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Minus the playoff beard, Weir ties course record at TPC Boston

NORTON, Mass. -- It's little wonder Mike Weir felt relaxed as he tied both the course record and the mark for best round on the PGA Tour this year after shooting a 10-under-par 61 at the Deutsche Bank Championship on Friday.


After all, the Canadian recently survived a potentially dangerous encounter involving his young daughters and some razor blades.


Weir, who needed just 21 putts Friday, had gained some notoriety recently in a FedEx Cup Playoffs commercial with Wayne Gretzky. In it, he sported a Grizzly Adams-esque playoff beard. To complement his starring role, he followed that up with a real-life beard the past two weeks, only to enter this tournament clean-shaven.


"When they didn't want to give me a kiss or anything, I said, well, it's got to be gone," said Weir, who made the most of low winds and soft greens early in his round to race out to a front-nine score of 30. "I got them each a razor and they took off the beard for me and they each started hacking away. I finished it off, but I let them do the first couple strokes."


Weir, meanwhile, finished off his opening round by nearly breaking the course record set by Vijay Singh in 2006.


After a wide approach shot on the par-518 that left him 59 feet from the hole, Weir nearly drained a putt that would have made the crowd at TPC Boston delirious.


"My low score on tour is 10 under," Weir said of his first-round result at the 2001 Genuity Championship. "I wasn't thinking the number of 62. I was just thinking 10 under. If I shoot 11 under, that would be my lowest ever.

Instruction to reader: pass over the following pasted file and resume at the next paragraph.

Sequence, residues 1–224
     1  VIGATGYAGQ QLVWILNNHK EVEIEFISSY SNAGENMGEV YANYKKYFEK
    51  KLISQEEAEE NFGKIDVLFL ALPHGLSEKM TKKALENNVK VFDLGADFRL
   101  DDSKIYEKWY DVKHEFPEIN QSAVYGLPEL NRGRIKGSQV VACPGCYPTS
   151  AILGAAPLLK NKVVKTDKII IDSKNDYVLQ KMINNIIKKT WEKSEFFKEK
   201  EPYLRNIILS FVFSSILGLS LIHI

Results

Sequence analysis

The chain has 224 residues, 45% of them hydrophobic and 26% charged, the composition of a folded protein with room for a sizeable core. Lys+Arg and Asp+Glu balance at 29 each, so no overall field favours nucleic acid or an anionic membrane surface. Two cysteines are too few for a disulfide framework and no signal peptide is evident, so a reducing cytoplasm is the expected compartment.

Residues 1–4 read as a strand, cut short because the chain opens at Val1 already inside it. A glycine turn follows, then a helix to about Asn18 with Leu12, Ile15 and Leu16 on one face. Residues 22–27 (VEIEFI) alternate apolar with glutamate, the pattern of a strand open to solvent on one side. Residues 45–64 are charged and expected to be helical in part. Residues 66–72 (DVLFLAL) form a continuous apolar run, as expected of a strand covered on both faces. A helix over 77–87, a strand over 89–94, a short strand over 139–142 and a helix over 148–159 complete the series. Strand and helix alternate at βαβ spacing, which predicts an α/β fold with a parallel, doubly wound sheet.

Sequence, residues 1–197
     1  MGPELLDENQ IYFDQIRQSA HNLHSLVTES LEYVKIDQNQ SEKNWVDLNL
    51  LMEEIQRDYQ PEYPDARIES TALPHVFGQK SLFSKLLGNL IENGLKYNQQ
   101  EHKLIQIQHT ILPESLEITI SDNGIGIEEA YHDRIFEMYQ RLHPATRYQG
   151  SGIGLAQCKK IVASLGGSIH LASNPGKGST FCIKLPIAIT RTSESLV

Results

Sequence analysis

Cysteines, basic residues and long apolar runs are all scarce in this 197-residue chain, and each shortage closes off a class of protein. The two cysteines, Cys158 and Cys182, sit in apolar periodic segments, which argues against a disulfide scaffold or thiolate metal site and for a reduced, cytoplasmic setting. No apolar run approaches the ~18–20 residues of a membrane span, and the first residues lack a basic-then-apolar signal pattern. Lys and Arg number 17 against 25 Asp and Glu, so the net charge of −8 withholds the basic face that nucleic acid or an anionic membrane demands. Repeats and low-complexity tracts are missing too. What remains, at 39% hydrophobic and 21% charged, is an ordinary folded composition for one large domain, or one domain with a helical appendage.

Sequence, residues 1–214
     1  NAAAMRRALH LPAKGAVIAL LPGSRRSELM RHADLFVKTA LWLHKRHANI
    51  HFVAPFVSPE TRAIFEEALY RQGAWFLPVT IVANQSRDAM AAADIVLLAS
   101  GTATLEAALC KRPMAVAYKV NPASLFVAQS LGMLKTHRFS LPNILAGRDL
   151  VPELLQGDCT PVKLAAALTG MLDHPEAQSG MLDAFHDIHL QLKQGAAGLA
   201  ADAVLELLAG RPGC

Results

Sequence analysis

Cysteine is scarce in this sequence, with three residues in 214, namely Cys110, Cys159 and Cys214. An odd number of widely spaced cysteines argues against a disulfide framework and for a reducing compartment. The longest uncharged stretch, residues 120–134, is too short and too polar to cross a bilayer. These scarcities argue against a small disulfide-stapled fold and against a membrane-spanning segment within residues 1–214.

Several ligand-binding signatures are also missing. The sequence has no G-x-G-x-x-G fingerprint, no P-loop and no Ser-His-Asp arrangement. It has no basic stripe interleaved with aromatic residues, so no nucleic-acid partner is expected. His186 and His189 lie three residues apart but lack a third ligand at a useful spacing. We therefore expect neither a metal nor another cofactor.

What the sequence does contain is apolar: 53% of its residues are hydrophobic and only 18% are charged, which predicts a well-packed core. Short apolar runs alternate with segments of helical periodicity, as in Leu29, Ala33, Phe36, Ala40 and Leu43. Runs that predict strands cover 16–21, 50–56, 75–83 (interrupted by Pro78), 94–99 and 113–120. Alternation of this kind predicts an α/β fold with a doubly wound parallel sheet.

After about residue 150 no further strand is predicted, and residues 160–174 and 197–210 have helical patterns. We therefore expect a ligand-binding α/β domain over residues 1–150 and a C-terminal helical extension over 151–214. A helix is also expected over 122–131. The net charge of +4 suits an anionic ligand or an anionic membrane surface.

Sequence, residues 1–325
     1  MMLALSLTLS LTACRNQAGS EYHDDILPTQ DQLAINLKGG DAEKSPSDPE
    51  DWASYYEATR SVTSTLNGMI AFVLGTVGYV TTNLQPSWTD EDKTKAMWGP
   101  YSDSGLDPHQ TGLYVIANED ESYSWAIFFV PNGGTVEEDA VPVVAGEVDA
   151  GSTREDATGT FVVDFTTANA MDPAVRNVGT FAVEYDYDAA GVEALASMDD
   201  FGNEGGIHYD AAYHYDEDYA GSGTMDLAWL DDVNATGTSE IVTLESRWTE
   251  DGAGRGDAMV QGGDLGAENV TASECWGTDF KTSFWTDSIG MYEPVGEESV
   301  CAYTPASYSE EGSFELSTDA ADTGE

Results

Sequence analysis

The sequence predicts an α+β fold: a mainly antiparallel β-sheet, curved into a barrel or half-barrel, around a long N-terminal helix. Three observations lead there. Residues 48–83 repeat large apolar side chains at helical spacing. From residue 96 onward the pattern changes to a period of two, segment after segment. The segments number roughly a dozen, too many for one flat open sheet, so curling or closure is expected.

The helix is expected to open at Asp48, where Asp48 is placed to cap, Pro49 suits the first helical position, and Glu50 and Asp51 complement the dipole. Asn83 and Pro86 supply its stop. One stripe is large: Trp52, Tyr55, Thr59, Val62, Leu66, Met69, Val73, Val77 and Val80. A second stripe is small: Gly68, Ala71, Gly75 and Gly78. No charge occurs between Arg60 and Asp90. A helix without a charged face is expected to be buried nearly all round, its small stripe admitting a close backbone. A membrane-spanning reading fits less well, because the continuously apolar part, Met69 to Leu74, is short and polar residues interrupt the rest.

"I really just wanted to get focused on that stick. Instead of concentrating on trying to lag it down there, I wanted to concentrate on making that thing, and I almost did."


In the end, he set a new competitive personal-best score of 61.


Weir came roaring off the 18th tee with a 315-yard shot that found the fairway. He then had to wait as playing partner J.B. Holmes hit a wayward tee shot that ended up left of the cart path. Weir's subsequent approach shot with a 5-iron from 205 yards went wide left to make the task of a 60 that much more difficult.


"I thought I was really going to hit a little better shot than that," Weir said. "... I thought I'd aim it about 20 feet left of the hole and it would draw right in off that lie, and I didn't want to do anything with it except let the slope dictate that shot. I was surprised that it kind of came out straight, and the wind was blowing right to left and it just drifted on the wind."


Weir said he had no indication on the practice green that he was in store for a career day. However, it didn't take long once he started to realize he was in for a special round.


He birdied seven of the first 10 holes and finished with 15 one-putts. He was 17-for-18 inside 20 feet and even technically one-putted on that exciting 18th hole because his putt came from the fringe.


"It was one of those days where ... after making those putts, everything seemed to look easier to me or something. It's tough to explain, but I just tried to stay in that frame of mind when I got on the green, just remembering the last putt, just remember the last one, how that felt, and try to do the same thing. I did that all the way around."


Friday's opening round marked just the second time this season that Weir has opened a tournament with a round under 70. Weir said he has made a point of getting out to a better start in recent tournaments.


"It seems like I've been coming from behind all the way," said Weir, who found himself in such a position in June at the Memorial before ultimately finishing in a four-way tie for second.


"Obviously, this was way exceeding my expectations, but I just wanted to get to off a solid start, and once I did that at the start of the round today, I just wanted to keep that going."

Chad Capellman is a freelance writer based in Boston.